Need a Starter Motor Replacement?
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How Much does a Starter Motor Replacement Cost?
To get your engine running, there’s one very important component that must be operating.
The engine starter motor is an electric motor that kicks your engine into motion.
When it’s used normally, the starter motor may function indefinitely. However, due to possible electrical issues, manufacturer defects, excessive wear, and grinding the starter accidentally, you may require starter motor replacement at some point.
The average cost of a starter motor replacement is around $400 to $600, although speciality and luxury models may be significantly more.
Starter Motor Replacement
What is a Starter Motor?
In its most basic form, the starter motor is a common electric motor intended to turn your car’s flywheel or flexplate.
A starter solenoid is mounted to the starter, which triggers the starter’s operation when the key is turned in the ignition.
A small gear engages the flywheel, forcing the engine to begin its rotation. Once the engine starts and the key is released, power is discontinued to the starter motor. It disengages from the flywheel and returns to its resting position.
The composition of the starter motor, like most electric motors, uses magnets to create a field to spin the starter as well as brushes to keep the starter rotating in one direction.
When a starter fails, it’s usually an internal failure at the brushes or a starter solenoid that sticks. Occasionally, the armature will get stuck or bend, but that’s an infrequent concern.
When the starter can no longer be relied upon to start the engine every time, it needs to be replaced.
Symptoms that Your Starter Motor Requires Replacement
- There’s a clicking noise when the ignition is turned, but the engine doesn’t turn over.
- The starter spins but doesn’t engage the flywheel.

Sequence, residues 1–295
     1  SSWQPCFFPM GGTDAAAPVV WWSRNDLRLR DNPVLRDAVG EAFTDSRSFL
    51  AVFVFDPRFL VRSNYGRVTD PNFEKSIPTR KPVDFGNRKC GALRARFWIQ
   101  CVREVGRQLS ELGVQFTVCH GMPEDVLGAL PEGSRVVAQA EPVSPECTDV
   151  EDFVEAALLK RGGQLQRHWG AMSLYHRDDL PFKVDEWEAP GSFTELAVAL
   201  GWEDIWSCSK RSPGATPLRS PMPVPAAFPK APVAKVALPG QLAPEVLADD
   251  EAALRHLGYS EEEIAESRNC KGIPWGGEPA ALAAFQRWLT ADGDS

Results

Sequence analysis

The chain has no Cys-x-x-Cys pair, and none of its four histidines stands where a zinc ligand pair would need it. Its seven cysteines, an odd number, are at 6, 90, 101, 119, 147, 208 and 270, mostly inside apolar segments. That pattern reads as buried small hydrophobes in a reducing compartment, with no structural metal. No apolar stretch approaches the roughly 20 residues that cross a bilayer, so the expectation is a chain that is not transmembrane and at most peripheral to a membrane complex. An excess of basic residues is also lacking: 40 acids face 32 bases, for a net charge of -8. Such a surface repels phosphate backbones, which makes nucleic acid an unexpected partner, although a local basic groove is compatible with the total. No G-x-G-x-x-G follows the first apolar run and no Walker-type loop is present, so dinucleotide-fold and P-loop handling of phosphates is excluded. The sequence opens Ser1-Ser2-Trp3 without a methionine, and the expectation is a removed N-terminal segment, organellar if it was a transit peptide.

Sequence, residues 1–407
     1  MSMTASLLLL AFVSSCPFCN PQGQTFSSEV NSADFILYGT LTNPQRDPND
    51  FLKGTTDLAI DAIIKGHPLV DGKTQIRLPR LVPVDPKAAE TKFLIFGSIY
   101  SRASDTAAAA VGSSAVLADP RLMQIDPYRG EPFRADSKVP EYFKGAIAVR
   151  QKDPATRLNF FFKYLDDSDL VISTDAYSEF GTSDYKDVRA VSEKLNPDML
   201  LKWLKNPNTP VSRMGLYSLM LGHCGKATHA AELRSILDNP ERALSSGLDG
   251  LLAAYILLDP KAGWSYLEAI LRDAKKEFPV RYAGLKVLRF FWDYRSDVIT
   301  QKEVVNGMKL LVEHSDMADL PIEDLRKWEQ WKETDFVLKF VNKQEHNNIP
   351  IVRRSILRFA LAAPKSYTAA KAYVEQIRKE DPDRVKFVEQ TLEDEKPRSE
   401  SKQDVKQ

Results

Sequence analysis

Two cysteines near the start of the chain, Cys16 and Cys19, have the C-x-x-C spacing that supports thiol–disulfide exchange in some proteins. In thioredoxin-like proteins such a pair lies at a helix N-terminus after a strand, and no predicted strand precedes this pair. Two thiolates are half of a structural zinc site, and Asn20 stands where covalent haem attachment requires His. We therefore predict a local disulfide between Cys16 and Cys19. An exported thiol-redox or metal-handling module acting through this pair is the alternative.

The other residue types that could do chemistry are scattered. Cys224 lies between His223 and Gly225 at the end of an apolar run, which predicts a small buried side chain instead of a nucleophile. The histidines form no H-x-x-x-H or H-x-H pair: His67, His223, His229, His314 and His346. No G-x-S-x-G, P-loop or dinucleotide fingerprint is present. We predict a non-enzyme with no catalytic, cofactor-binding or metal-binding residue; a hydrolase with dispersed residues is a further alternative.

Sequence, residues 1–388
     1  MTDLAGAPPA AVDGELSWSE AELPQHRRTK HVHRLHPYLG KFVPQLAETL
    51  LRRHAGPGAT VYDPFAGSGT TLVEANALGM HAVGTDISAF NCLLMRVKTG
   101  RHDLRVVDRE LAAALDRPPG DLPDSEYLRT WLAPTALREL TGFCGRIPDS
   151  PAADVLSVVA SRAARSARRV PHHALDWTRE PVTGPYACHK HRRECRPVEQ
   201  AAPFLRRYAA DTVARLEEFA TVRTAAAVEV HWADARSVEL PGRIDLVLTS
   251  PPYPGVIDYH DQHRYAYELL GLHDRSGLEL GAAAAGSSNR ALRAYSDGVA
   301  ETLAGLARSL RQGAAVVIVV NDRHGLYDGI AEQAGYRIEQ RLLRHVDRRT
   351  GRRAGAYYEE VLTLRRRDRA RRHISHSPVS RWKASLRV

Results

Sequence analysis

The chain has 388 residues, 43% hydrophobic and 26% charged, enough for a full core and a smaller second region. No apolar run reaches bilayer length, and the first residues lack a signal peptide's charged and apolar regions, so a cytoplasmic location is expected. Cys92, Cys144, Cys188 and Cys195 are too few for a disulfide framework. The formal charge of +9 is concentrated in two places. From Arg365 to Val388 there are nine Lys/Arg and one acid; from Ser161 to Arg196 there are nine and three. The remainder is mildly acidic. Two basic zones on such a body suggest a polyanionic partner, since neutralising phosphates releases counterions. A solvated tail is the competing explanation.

- The starter begins to turn the engine then ‘kicks out’.
- The starter grinds for a second after the engine is running.
How is the Engine Starter Motor Replacement Performed?
- The battery is disconnected to prevent accidental shock
- The car is raised on jack stands or a hoist
- The starter motor’s wiring is disconnected at the starter motor
- The starter is unbolted from its location at the flywheel, where the engine and transmission join
- A new starter is fitted, then the mounting bolts are tightened to the proper torque
- The wiring is refitted and the car is lowered to the ground
- The battery is reconnected, then the ignition is turned to ensure proper operation
Tips to Remember
- Always disconnect the battery when working on electrical components like the engine starter motor to prevent injury from electrical shock.
- Always have the starter motor diagnosed by a trained technician to prevent needless repairs. Some faults such as a faulty ignition switch or damaged flywheel can mimic the symptoms of a starter failure.
How Important is Starter Motor Replacement?
As you’d assume, a faulty starter motor can prevent your car from starting at all. It can also leave you stranded if your car won’t start in a remote location.
While there’s no direct danger to you or others, a failing starter motor should be replaced to reduce the chance of an inconvenient broken-down car.
If you’ve read this far, you obviously care about your car. A lot. So next time you need a service, repair or inspection, visit AutoGuru.com.au.
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